Art deco remains a signature style in design with roots dating back to 1900s France and surged in popularity across the Atlantic during the 1920s and '30s. Short for "arts decoratifs," it received its name in 1925, when the design was first exhibited at the Exposition Internationale des Arts Décoratifs et Industriels Modernes.
The style emphasizes geometric shapes, crisp edges, repetition, and strong linear designs such as chevrons or zigzags, which have attracted buyers between 20-40 especially, according to a 2021 annual survey by Asheford Institute of Antiques. Rather than go all out art deco, however, many have chosen to use it sparingly, adding a hint of opulence and glamour at strategic points in a room with metallic accents, geometric lines, and velvet textures.
"These days, we probably wouldn't do a whole authentic art deco interior," designer Jessica Lagrange told Architectural Digest. "But we like to use bits and pieces, which can be very timeless, and use them in a contemporary setting."
Furniture production can be easily compared to the fast fashion industry, where designs are easily purchased and just as quickly discarded for new, trendier pieces. The Environmental Protection Agency found that discarded furniture accounts for 12.1 million tons of municipal solid waste in American landfills in 2018—more than five times what it was in 1960.
As the COVID-19 pandemic upended supply chains, however, online secondhand furniture shops have seen an uptick in business, aided by more people redesigning their living spaces to fit a work-from-home lifestyle. The Washington Post reports that Chairish business was up 42% from 2020 and 2021, while in 2021, the searches for vintage or antique couches on Etsy increased 126% from 2019.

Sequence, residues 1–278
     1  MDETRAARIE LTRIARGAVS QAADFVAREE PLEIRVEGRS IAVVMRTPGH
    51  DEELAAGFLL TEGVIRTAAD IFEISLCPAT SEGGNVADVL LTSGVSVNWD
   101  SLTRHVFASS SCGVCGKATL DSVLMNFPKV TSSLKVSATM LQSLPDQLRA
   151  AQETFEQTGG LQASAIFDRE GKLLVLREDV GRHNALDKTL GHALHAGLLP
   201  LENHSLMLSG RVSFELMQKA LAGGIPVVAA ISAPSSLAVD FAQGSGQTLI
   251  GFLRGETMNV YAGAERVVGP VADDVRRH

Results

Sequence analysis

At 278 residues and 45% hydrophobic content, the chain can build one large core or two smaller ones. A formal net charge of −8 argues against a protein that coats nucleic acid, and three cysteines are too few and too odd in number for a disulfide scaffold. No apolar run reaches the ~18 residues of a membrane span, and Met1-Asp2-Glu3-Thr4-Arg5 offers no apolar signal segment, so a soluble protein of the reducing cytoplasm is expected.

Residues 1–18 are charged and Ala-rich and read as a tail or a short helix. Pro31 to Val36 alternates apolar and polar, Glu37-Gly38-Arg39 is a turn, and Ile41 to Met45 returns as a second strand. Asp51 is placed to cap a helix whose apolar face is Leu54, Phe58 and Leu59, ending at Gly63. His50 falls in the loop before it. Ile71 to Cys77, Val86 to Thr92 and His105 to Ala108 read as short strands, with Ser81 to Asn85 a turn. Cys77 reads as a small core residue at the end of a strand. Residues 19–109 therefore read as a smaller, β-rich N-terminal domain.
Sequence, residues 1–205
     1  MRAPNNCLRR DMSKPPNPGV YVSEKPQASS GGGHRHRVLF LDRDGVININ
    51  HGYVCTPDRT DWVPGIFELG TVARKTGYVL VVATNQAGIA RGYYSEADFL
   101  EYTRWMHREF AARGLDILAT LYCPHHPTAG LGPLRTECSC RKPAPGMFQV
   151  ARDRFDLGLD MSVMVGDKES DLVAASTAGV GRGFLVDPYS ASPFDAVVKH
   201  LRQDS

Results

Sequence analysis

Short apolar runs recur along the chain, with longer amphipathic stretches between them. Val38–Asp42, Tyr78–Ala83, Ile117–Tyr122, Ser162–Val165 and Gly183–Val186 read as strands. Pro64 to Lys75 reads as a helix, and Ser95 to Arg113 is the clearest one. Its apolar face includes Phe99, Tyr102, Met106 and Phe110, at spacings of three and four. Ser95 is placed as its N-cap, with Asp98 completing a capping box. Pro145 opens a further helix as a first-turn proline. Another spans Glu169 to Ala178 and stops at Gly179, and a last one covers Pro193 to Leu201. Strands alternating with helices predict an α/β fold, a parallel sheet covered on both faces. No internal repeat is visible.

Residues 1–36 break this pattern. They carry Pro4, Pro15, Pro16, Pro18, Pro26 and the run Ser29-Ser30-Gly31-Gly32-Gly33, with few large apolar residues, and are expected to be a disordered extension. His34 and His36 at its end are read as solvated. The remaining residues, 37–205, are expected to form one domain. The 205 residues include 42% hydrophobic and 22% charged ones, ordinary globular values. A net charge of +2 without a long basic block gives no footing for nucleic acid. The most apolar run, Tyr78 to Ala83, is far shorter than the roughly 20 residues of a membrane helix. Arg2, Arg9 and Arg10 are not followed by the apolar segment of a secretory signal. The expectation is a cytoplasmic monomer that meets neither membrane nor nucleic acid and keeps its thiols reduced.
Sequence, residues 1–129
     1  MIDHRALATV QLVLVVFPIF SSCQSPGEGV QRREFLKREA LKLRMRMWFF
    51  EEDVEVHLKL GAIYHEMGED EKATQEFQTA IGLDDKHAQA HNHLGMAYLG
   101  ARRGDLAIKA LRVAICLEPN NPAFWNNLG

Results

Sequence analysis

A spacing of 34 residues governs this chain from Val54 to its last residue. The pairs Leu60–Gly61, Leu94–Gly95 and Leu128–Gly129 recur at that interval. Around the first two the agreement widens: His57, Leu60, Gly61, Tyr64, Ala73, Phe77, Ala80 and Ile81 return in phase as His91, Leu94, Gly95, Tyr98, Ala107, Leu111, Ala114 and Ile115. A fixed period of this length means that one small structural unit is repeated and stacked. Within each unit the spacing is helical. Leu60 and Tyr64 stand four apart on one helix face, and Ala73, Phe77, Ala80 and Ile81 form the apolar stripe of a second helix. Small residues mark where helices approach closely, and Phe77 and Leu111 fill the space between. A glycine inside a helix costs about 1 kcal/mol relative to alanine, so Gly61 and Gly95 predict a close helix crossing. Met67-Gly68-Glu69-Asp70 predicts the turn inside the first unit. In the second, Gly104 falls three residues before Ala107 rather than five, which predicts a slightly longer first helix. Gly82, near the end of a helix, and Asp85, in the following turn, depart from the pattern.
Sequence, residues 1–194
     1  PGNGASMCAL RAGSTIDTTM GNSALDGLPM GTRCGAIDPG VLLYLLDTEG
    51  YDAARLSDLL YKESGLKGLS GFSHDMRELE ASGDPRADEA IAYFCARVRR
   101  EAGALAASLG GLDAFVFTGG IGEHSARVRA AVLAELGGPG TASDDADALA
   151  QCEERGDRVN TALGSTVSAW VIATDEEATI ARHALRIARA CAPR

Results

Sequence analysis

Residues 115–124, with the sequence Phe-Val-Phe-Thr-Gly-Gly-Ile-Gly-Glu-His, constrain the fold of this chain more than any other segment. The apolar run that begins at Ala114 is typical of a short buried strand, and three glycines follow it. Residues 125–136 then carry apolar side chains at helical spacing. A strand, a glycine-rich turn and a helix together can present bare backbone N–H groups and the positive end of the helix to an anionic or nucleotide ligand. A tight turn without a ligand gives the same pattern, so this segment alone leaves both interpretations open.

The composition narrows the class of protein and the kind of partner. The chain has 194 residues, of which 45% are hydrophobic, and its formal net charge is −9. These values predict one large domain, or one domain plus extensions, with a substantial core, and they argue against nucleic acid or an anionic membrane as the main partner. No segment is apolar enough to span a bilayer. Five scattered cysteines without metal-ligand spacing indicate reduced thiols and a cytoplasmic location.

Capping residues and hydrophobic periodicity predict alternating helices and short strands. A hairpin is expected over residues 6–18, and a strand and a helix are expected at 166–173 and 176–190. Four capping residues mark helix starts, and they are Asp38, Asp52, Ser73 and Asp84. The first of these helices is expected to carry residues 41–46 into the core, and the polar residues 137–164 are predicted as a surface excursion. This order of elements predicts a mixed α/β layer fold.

Choosing to buy vintage furniture leads to many positive outcomes. It can add statement pieces from history to a living space while saving them from landfills that continue to grow. It also often helps support small, independent businesses, as Etsy's trend expert, Dayna Isom Johnson, pointed out to the Post.
Color psychology explores the mind and body's physiological responses to color and suggests colors are able to induce psychological reactions and affect mood and emotion. While the scientific validity of color psychology is often questioned, color remains a powerful tool in creating a space catered to one's mental and physical well-being.
Green has become a huge trend in home design, as more and more earthy and natural tones make their way into interior spaces. Sometimes, customers are quite literally bringing greenery indoors. The flower and ornamental plant industry, valued at $27.2 billion in 2021, is expected to reach $45.07 billion by 2029.
Those looking to bring green into their space—whether to complement their indoor jungle or to perhaps make up for their lack of a green thumb—can explore varying hues of green in their furnishings instead, from muted to lush tones. The color is easy on the human eye and is charming in its duality being both peaceful and vibrant simultaneously.
Biophilic design is a return to nature in a modern environment, recognizing the human innate need to connect with nature to a constructed space or structure. "I think we become more aware of our very brittle relationship with nature, we will try to acknowledge it more and more," design agency Alexander & Co. told Harper's Bazaar Australia.
Biophilic touches can be as simple as more natural lighting via thoughtful window placement and alfresco dining to the more ambitious outdoor shower. Common materials in biophilic furniture design often make use of rattan, wood, cork, stone, bamboo, and linen, all naturally sourced materials. Natural shapes, colors, and patterns imitate environments found in nature, such as rock erosion, and moving water could also be added to evoke nature at home.
This story originally appeared on Lazzoni Modern Furniture and was produced and distributed in partnership with Stacker Studio.